Centuries ago, the customer service “universe” existed of how far you could walk to do business. While choices were fewer, so were complications.
Today, customer service challenges exist across the globe. When the company and customer base are relatively small, ability to be agile and make improvements quickly can be fairly robust. In part because of COVID-19, companies large and small alike have been forced to examine and change their customer service models and protocols quickly. In turn, that is inspiring new thinking and a nimble attitude not previously seen in large enterprises.
Behind some of this is the fact that home-based customer-service workers are now the norm, not exception—at least for now. According to an Amazon.com blogpost: “Global emergencies dramatically shift daily routines, forcing companies to react quickly to change the way they support employees and customers. COVID-19 has changed the way we work, including the contact center space…According to Gartner, ‘pre-outbreak, nearly 7 in 10 (68%) customer service and support organizations worked from traditional call centers’ and less than 10% of staff worked from home. That is now flipped, going forward, 71% of contact centers will be remote.”
This dramatic and sudden shift has spurred customer service policy and procedure reviews, as companies work to upgrade customer service quality as part of the infrastructure shift. A key consideration is to humanize customer service.
A zdnet.com article addresses the transformation: “Michael Maoz, senior vice president of Innovation Strategy at Salesforce, is a customer experience and customer engagement management expert. Maoz shares his thoughts on impact of COVID-19 pandemic…‘The global pandemic has exaggerated all that is wrong with a ‘contact’ strategy. The pandemic is also the best opportunity in over a decade to restart, re-energize, and re-imagine customer service and field service. There may never be a better time to press for an ‘engagement-first, digital second’ strategy…Step back and meet with customers. Talk to them, ask their permission to observe their activities related to your business.”
The article continues, “Give them ways to describe what they believe they want from you. Use forums and surveys and ‘tag alongs.’ Explain what your response is to what you learn and your understanding of what to do about it. We need a new perspective on engagement in a world that is increasingly digital and absent a human employee.’”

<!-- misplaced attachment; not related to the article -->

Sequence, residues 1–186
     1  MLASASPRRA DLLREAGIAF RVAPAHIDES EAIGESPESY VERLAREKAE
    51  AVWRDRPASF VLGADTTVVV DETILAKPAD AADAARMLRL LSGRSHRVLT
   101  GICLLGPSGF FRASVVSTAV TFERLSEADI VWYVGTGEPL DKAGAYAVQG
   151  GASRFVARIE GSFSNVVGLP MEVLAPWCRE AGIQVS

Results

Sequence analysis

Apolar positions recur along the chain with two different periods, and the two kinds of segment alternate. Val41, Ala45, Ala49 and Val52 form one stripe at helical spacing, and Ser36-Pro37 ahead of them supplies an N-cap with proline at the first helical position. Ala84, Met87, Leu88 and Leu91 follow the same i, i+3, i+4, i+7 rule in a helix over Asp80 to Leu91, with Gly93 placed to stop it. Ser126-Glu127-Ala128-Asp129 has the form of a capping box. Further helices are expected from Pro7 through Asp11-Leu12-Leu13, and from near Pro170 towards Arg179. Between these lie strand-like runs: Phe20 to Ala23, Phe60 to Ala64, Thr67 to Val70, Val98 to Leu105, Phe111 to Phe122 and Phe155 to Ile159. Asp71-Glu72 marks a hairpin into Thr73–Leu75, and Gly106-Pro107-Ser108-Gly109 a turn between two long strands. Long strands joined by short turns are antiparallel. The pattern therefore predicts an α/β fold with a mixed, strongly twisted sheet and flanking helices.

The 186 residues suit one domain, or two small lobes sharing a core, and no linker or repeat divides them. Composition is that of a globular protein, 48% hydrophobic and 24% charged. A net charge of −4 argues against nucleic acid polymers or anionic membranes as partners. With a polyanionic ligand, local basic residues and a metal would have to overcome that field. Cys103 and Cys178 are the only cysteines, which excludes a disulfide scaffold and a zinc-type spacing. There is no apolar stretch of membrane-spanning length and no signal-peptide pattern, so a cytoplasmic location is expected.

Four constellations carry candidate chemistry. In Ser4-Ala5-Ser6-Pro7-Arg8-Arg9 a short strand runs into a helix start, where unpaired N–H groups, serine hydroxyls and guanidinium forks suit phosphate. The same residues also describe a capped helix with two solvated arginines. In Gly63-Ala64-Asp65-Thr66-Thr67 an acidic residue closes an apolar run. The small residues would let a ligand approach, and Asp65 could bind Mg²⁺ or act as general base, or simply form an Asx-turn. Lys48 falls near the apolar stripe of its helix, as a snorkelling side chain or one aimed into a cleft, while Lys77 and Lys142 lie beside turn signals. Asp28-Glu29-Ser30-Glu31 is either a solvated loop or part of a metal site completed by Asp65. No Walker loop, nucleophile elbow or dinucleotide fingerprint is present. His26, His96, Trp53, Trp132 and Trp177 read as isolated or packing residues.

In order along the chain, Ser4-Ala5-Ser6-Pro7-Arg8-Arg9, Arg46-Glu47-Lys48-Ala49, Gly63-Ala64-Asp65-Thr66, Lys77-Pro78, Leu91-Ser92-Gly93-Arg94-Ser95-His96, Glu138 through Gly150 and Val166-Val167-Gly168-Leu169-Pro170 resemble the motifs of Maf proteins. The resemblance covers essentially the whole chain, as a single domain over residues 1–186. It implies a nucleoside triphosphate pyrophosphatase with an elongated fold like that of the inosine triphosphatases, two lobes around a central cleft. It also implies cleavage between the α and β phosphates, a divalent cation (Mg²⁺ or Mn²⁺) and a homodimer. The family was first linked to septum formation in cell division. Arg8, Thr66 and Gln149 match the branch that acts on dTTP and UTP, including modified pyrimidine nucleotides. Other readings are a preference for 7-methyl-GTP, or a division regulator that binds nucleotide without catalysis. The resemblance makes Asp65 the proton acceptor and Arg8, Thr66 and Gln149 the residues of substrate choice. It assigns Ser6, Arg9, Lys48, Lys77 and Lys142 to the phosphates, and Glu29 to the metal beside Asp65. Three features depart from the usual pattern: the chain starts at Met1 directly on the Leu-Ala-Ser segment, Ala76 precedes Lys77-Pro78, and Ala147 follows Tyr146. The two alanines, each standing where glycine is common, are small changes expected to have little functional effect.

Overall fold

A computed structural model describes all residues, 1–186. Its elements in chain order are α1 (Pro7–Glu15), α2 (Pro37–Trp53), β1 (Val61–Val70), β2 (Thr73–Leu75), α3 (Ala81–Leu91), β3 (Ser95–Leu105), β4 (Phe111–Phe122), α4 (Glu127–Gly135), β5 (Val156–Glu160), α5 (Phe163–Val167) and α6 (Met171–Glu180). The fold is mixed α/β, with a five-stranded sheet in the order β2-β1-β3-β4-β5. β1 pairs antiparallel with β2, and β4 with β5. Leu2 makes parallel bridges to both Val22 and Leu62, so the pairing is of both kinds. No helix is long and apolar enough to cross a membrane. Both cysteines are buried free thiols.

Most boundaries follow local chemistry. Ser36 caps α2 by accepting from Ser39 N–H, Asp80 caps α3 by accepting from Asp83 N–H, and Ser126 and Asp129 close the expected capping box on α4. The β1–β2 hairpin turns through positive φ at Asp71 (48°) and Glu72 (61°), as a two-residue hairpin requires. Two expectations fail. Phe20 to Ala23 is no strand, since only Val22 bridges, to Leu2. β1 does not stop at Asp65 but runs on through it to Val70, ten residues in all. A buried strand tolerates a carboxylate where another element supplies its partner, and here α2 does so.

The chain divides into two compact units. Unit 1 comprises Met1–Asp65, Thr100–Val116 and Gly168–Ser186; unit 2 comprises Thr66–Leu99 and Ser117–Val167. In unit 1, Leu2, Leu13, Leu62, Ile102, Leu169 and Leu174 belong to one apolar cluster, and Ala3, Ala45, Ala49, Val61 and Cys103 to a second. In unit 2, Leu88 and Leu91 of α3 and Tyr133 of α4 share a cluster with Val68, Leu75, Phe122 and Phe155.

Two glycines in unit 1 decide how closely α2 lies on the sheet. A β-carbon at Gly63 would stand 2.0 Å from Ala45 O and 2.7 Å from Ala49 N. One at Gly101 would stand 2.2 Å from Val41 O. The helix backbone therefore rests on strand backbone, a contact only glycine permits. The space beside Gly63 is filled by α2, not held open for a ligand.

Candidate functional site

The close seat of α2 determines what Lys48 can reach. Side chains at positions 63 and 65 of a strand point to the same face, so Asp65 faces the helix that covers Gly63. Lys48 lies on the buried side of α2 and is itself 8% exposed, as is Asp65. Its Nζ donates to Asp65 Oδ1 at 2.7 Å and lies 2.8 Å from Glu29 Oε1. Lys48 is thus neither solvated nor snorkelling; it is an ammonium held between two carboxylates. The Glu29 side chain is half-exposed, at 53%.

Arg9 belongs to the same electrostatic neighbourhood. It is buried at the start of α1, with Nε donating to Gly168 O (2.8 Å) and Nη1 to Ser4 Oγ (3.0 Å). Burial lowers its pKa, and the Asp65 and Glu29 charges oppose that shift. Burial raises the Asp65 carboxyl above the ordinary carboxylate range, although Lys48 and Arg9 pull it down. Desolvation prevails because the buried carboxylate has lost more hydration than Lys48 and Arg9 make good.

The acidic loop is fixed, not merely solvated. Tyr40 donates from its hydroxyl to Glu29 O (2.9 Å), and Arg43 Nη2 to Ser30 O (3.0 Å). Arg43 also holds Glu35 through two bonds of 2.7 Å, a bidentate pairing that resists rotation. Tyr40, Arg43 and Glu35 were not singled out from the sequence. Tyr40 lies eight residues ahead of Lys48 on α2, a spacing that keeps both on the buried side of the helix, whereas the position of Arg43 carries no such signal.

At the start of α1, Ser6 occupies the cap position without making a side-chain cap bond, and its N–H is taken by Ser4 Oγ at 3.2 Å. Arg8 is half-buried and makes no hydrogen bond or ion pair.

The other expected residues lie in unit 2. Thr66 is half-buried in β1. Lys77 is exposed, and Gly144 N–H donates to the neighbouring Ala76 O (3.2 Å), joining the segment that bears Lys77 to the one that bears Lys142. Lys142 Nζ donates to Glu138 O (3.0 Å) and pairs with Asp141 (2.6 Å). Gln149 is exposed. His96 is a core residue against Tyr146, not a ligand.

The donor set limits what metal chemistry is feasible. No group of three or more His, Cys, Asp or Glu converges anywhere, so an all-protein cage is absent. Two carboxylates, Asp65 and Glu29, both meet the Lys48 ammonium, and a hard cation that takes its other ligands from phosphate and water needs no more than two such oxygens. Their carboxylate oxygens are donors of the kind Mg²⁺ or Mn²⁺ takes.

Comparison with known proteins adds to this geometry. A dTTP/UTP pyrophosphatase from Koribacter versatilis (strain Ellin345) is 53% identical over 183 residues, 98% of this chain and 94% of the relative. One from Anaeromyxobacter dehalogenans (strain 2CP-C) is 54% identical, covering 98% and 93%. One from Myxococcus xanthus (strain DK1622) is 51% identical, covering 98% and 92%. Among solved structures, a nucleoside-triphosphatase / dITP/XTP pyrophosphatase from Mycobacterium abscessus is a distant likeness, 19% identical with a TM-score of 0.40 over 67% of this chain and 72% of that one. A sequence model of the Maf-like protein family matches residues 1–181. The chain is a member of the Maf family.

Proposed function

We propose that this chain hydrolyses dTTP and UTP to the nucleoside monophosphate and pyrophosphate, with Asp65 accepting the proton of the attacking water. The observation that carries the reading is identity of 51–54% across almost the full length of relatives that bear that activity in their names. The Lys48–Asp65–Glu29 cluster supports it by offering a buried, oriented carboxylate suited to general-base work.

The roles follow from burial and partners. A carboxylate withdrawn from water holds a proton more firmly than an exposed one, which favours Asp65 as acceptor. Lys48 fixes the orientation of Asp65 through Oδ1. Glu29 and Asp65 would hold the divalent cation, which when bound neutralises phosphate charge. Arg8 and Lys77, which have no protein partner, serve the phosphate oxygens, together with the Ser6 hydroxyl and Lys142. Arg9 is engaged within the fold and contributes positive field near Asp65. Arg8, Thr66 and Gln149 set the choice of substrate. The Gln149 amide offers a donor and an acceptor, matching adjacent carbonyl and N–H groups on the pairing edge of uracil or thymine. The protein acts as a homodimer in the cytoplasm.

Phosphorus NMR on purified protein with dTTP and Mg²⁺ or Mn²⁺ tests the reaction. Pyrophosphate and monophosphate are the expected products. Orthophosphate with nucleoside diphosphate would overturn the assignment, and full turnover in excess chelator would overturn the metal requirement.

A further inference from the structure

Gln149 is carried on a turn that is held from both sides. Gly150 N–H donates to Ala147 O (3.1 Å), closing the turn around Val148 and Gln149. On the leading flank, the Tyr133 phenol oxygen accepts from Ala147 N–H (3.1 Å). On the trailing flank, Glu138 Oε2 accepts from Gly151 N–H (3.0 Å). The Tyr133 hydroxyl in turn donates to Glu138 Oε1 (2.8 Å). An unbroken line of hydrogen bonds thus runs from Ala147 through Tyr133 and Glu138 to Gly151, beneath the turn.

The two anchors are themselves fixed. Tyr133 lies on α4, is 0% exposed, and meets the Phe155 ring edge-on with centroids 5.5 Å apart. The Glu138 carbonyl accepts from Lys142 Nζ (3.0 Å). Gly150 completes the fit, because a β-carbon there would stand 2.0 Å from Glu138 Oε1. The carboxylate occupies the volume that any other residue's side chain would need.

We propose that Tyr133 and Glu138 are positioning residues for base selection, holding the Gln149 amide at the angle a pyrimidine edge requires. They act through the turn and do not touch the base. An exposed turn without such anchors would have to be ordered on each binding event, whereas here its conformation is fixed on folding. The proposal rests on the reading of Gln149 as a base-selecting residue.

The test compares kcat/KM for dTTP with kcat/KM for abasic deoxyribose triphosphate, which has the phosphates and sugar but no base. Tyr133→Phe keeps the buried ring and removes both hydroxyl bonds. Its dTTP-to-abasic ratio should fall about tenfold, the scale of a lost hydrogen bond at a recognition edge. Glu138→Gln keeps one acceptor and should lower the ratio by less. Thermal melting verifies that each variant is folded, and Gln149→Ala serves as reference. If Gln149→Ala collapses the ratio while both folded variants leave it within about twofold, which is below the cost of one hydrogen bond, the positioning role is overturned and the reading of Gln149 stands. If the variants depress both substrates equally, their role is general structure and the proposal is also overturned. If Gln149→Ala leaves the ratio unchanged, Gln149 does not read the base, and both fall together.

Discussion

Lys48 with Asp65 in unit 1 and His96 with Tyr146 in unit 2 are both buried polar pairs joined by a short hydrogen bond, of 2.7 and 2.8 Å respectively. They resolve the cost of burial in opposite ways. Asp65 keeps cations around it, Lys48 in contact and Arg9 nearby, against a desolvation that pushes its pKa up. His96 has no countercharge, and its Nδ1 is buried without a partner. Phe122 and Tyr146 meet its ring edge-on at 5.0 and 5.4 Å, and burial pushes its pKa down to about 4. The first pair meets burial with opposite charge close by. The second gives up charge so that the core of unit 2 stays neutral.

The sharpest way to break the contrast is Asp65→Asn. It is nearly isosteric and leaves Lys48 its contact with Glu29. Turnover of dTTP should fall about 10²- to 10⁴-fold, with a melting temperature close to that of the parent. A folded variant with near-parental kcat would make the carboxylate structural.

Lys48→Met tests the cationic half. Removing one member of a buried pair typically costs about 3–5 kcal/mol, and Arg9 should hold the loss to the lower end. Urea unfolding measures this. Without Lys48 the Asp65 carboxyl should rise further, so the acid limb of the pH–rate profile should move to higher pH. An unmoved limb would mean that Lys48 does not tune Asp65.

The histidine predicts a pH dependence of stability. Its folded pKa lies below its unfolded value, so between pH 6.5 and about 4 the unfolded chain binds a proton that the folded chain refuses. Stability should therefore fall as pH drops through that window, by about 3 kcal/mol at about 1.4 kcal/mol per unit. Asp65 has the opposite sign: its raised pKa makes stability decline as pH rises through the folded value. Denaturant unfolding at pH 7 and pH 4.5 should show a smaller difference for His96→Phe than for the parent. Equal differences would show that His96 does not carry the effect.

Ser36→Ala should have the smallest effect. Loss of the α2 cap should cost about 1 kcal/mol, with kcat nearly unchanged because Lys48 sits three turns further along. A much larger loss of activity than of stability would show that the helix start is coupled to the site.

Here are key takeaways about the impact COVID-19 is having on customer service across the board and across the world:
Necessity is the mother of invention. It’s amazing how fast change can occur when it must. Prior to the crisis, many companies offered as little customer service as possible in the name of saving money. That’s changing quickly. Companies stepping up will increasingly separate themselves from those who don’t make the effort. Over time, customer service dinosaurs will die off.
Technology is key as a support system, but sincere, dedicated and supportive human interaction is critical as part of the formula. Both are needed. And, the more they are integrated to reinforce one another, the better customer service can be—along with the company’s bottom line.
Supporting customer service reps to in turn support customers must be an ongoing commitment, dedicating needed resources to make it happen. When much of the customer service workforce is home-based, training and empowerment measures done sporadically or “on the cheap” will backfire.
Just as forest fires spur re-growth and new life in their wake, so will the crisis trigger massive growth in customer service excellence.
Have you gone out of your way to provide more compassionate and caring customer service during the COVID-19 crisis? If so, those efforts can become a cornerstone of customer loyalty and buying. In addition to those who already know, tell the rest of the world about it! This is a case where prior “good acts” can stoke the fires of ongoing sales and word-of-mouth kudos. But, you gotta let everyone know first. One of the most credible and compelling ways to do that is to develop thought leadership articles, blogposts, social media content, podcasts, and even short videos to address what you did—and hopefully are still doing—to show your appreciation of and respect for those who keep you in business.
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Mark Lusky | 303.621.6136 | firstname.lastname@example.org
Veteran writer, storyteller and author, with 40+ years of public relations, advertising, marketing and journalism experience. Author of A Wandering Wondering Jew… and co-author of Don’t Get Mad, Get Leverage. Mark (aka The Happy Curmudgeon) is the owner of a Denver-based marketing communications firm.